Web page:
20 years. That’s how long I’ve been involved with live events.

I won’t lie, the first 10 or 15 of those, I spent a lot time suffering. I, like many others, suffered with things like: long hours, high risks, high costs, budgets evaporating, frustration, ideas getting watered down, sleepless nights . . . the list goes on.

To a greater or lesser extent everyone else I met seemed to be suffering with the same issues, so I thought it was just part of the game. An occupational hazard if you like. Sometimes these issues were relentless, people would be questioning whether it would never end! They’d be holding on for dear life until for the event to happen and then be over.

Eventually though, I got frustrated with all this nonsense and thought there had to be a better way. Were these problems really inherent hazards when working in or around live events, or could they be avoided? I took a step back and started to look more forensically at the world of ‘events’.

Now I have worked for, run and now own high profile live events companies. I’ve been responsible for some of the largest and most complex live events in recent history. I have also, deliberately, worked across all sectors and types of events: brand activity, the arts, sport, government – I’ve got the t-shirt and (literally) written the book.

Years of research, work and learning proved these issues, are, by and large completely avoidable, or manageable to an almost negligible level anyway.

It still amazes me that, even now, in this day and age people still put up with these issues. I know they exist as I speak to people day in day about them.

I was determined to transform the event industry to solve this problem. I hit a stumbling block though. I realised, a while ago now, that the solution lied not with the event industry but with how those that want or need live events engage with the event professionals and companies that can help them. In turn, the solution lies in how live events are developed and created.

A large part of why I founded Allium, was to help you avoid the situation where people (people you’re paying) are spending too much time firefighting these problems, so they can spend more time focusing on creating you an incredible world-class live event.

So what is the solution? The complete solution is a whole range of steps and philosophies. Two things are key though and can go a long way to making things better. Making sure you have the right team with specific expertise and having them at the right time.

The Right Team

It’s really very simple. No matter what type of event you’re looking for; whether you’re creating, becoming or buying a team to help you, there are four key roles you need in place, everything else is secondary.

1. Someone needs to lead the event.
They’re responsible for driving it forwards, they need experience with events of similar scale, complexity or location. They don’t necessarily need knowledge of or expertise in the content or purpose of the event.

2. Someone needs to lead on the content.
The sport, the art, the product, brand or whatever else the event is about, an expert in this field, subject or product needs to lead on the content side.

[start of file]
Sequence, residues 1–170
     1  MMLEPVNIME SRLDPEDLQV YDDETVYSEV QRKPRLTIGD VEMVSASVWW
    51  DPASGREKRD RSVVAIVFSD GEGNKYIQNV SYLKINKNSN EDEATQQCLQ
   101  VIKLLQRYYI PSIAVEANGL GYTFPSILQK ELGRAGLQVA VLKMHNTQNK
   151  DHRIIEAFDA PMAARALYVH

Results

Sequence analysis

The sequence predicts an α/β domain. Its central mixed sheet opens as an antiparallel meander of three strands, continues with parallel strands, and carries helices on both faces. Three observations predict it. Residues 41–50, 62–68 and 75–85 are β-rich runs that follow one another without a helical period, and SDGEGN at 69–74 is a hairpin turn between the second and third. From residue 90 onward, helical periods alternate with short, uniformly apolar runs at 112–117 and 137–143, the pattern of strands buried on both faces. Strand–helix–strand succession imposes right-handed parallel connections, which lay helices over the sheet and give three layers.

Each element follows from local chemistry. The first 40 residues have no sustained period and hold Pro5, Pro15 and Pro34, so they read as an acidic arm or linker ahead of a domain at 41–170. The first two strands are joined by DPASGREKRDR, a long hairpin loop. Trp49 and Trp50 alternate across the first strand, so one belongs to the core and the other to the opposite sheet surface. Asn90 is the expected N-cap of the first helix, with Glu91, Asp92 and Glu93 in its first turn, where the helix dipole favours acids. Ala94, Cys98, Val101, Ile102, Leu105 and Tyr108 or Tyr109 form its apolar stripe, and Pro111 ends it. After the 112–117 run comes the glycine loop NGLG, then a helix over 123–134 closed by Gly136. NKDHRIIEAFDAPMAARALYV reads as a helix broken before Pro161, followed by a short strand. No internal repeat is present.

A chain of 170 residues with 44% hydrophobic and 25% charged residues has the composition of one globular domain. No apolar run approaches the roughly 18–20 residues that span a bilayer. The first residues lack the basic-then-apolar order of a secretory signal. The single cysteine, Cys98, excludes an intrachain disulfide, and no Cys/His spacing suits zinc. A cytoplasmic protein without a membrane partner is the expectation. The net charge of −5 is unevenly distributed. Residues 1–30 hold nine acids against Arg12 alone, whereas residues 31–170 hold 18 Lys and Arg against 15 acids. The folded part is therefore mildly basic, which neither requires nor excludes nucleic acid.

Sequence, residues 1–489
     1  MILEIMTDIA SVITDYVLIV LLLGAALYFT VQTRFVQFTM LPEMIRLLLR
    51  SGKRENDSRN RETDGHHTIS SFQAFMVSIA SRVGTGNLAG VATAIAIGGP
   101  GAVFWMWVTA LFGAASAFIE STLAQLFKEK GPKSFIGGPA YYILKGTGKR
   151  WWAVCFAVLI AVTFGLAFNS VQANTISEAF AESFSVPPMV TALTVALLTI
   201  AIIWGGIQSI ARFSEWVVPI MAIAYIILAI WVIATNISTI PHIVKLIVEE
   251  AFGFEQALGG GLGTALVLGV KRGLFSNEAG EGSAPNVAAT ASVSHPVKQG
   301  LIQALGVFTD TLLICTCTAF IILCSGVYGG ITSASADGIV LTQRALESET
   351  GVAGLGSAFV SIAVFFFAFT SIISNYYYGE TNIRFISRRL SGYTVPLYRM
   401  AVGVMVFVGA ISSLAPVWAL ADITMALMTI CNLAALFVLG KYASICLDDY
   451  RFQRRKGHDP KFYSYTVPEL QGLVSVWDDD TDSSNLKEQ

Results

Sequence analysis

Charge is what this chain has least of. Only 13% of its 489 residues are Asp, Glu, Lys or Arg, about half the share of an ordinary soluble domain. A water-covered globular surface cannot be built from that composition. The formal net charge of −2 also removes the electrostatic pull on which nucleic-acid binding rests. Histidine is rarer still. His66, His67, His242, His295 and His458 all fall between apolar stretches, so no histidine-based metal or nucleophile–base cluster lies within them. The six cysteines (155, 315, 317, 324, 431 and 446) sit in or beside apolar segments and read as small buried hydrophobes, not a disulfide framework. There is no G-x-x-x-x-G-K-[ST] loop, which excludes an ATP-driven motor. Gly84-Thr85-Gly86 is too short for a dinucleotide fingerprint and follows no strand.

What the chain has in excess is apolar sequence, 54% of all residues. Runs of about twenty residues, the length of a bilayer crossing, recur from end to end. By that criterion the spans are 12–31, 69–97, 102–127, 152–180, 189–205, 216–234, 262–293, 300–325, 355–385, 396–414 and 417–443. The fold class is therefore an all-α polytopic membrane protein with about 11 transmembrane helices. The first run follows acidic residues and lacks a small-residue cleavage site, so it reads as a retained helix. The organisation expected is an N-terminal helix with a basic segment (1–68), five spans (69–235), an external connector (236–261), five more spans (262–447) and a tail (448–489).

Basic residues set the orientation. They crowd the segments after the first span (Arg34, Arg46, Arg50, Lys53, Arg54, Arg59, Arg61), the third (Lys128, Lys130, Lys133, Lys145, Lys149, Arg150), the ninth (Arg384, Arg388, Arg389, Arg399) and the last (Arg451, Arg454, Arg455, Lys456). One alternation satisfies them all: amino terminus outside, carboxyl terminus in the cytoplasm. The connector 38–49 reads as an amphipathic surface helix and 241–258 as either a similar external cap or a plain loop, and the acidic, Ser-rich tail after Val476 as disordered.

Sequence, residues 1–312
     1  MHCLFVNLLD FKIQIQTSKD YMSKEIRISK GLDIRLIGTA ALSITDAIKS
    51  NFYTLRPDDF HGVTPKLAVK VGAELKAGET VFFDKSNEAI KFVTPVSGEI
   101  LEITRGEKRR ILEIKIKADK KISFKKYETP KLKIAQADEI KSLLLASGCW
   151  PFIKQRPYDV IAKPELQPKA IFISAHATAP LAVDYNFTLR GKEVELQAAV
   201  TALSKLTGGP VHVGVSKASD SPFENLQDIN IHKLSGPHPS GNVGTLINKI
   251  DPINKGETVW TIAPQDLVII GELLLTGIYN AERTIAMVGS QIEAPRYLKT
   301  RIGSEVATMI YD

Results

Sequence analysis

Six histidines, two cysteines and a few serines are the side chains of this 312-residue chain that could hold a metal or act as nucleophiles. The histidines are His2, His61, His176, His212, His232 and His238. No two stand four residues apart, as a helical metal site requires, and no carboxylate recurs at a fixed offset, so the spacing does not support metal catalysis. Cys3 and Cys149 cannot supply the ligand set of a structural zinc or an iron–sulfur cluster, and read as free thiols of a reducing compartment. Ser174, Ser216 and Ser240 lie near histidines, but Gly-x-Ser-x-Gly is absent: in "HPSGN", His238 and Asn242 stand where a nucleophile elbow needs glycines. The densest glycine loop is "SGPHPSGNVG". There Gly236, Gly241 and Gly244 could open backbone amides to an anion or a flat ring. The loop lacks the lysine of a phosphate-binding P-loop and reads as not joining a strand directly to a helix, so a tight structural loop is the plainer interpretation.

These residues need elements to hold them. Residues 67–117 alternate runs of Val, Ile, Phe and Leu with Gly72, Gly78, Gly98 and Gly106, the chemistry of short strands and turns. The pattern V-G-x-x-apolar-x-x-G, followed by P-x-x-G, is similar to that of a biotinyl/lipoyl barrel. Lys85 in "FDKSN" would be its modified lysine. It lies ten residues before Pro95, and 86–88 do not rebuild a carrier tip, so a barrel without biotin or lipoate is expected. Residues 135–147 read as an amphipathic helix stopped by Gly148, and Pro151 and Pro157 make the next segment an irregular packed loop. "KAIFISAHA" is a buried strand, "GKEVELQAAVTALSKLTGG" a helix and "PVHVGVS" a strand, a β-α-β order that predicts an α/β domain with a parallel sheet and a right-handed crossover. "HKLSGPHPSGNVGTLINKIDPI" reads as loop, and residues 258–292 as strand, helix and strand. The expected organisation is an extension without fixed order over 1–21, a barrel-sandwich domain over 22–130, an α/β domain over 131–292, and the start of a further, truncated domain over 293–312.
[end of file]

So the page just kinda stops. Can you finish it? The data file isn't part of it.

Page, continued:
3. Someone needs to be responsible for physically delivering everything.
Like the first person it’s their experience of similar scale, complexity and type of event that’s important.

4. Someone needs to be responsible for all the operations and logistics.
Again, similar experience of scale and complexity is what’s important.

That’s it. That is all any live event needs to manage it. These roles could be four different people or a single person doing all of them if they’ve the experience and capacity, but never a committee doing each. Directly accountable people should be in each position. On large events, or multi-faceted events you’ll end up with lots of these sets of four roles, but these four roles are the linchpins. Every other imaginable skill set or requirement will report back into these people: procurement, PR, sponsorship, marketing, legal, technical specialists, suppliers . . .

The Right Time – the Tipping Point

When you choose to engage this expertise is just as important as getting the right team. You need, at the very least, the first two role in place right when you start. There is a tipping point, the point at which an event goes from merely an idea to something that might actually happen, the point at which people commit to thinking about it seriously. Decisions made in the split seconds of this tipping point can have massive consequences further down the line. It’s important these decisions are made with the relevant expertise.

There are reasons why some organisations may struggle to get this expertise on board at the right time: governance, procurement and ego are the three most common. In my experience though all three are avoidable – there are ways, I’ve heard every objection and they are all surmountable. You wouldn’t commission or commit to having a building built without a qualified architect involved early on, creating a live event is no different.

Fail Safe

With these two points addressed, short of negligence, it is almost impossible to fail. You’ve the right experience in place at the right time to lead things, guiding you and everyone else right from the start, and making sure the problems above don’t arise.

Help put an end to any needless suffering – otherwise you’ll be wasting your time and money, and your live event runs the risk of not living up to its full potential. Live events are the most powerful medium you have to communicate, promote or entertain. Make sure everyone is focused on unleashing that power.